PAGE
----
Amala Place #BadassBukkas

We’re on a hunt to find Nigerian food joints that can compete with your mamas cooking (Oya hold up, hold up, hold up don’t come for us…we said compete not better eheen). So for the first edition of BaddassBukkas we ended up in Amala Place, which is located by RCCG Grace City, Opposite Next Cash & Carry, Mabushi.


Driving through the gates there wasn’t really much in terms of pleasing aesthetics. The building itself is a wooden structure closed in by a zinc roof. There is an express side and an “average Nigerian side”. After walking past the express side, we noticed that there was no line at the serving point and it was loaded with older men who appeared to be having business meetings over hot amala. So we ‘jejely’ decided to respect our pockets and enter the average seating area. The difference was visible as the line was significantly longer and a few seconds after we joined, it had expanded.

The seating was alright for a bukka as it was just your average plastic chair and table. There was a wash basin with a sign stating “DO NOT RINSE YOUR MOUTH HERE”, but before we could even finish reading it, someone was already doing this (in typical Nigerian form).  For entertainment, there was a TV awkwardly caged in the corner with Batman playing (who Batman epp for Bukka?).


The queue moved pretty swiftly and in about 2 minutes we were confronted by an intimidating lady, demanding that we place our orders or move aside for incoming customers (fammm we didn’t have time to think). There were about 3 of such ladies spread out behind a screen with the first asking for your base, second for soup choice and third for your meat options (ASSORTED, GOAT, COW LEG, BEEF OR CHICKEN??? This was tougher than you would expect). After being served, we moved down the line to the cashier who calculated our order. The POS was MIA as we attempted to pay however; the cashier gave us our receipt and stated that it would eventually be brought to our table. The service was faster than your average restaurant and was generally pretty good.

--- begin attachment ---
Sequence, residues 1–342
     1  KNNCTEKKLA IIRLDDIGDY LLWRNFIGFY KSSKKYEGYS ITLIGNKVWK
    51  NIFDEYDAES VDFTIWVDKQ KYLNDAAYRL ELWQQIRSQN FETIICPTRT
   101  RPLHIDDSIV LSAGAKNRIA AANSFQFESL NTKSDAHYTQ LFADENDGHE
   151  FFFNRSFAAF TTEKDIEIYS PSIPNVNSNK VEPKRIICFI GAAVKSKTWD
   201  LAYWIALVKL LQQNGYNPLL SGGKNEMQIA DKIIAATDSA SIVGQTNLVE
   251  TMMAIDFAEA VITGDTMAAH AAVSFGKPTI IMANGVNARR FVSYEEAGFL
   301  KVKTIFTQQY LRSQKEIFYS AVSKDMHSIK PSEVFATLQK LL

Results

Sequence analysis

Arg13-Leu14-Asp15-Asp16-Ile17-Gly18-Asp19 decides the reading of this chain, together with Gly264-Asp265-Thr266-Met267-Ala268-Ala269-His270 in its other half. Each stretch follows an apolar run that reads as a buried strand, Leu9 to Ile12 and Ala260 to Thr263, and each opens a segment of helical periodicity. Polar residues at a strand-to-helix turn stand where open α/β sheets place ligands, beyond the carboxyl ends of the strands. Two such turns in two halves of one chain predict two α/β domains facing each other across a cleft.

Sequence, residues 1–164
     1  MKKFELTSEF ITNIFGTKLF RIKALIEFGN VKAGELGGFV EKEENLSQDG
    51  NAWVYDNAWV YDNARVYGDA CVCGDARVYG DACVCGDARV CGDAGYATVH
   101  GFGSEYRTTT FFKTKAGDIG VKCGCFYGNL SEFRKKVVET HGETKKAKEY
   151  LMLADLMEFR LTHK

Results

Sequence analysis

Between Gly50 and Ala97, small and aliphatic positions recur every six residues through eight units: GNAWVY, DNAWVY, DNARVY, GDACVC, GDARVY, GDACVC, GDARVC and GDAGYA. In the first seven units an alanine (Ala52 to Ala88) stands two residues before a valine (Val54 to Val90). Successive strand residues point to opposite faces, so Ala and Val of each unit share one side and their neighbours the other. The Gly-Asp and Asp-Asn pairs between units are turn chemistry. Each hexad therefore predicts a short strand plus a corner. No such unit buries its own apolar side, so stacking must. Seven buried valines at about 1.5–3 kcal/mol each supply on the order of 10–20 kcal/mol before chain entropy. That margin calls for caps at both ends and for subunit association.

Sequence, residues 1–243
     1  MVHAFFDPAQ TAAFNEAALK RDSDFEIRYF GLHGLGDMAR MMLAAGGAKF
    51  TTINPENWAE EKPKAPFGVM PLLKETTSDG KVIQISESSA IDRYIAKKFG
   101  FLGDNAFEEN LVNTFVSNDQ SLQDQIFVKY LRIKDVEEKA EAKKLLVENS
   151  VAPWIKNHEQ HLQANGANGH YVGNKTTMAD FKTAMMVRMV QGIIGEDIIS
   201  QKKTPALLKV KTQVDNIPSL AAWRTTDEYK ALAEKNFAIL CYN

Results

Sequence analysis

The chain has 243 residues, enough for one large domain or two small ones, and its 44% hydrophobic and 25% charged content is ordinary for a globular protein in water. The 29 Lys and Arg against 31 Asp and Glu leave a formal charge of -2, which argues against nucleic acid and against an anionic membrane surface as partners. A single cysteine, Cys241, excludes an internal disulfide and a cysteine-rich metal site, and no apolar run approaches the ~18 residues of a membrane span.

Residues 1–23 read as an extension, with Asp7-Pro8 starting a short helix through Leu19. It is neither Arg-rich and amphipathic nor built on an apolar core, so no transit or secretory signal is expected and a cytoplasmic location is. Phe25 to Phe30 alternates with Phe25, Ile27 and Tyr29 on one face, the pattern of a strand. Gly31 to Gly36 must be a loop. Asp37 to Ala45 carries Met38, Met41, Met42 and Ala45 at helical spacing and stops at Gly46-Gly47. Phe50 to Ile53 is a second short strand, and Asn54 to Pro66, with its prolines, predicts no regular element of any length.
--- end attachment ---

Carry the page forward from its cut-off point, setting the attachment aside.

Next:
This was our first time trying ofada rice and stew. The stew itself was spicy (but apparently this was the watered down version, the real one is on another level of hooootttt) and tasted quite nice, with little pieces of ‘pomo’ scattered inside it.


Another meal we had was ewa againyin with plantain and efo. The plantain was quite small at 3 slices per portion and the ewa againyin was tasty but very oily. The efo however, was definitely the highlight of this meal.


Lastly, the amala and stew with ewedu was mouth-watering. The only issues were that the ‘pomo’ was a bit too hard and the stew was not hot enough.





This was a somewhat ‘upscale’ bukka as far as your regular mama puts go; it was a bit pricey but nonetheless still very affordable.

Below are the prices per portion of our individual orders:

  • Ofada rice and Stew – N600
  • Ewa Againyin – N100
  • Efo Riro – N200
  • Plantain (3 peices in a portion) – N100
  • Amala – N100
  • Ewedu and assorted meat – N900
  • Stew and Pomo- N200
  • Goat meat – N400 per piece

Better than your mamas? Hmmm depends on your mama’s cooking skills.


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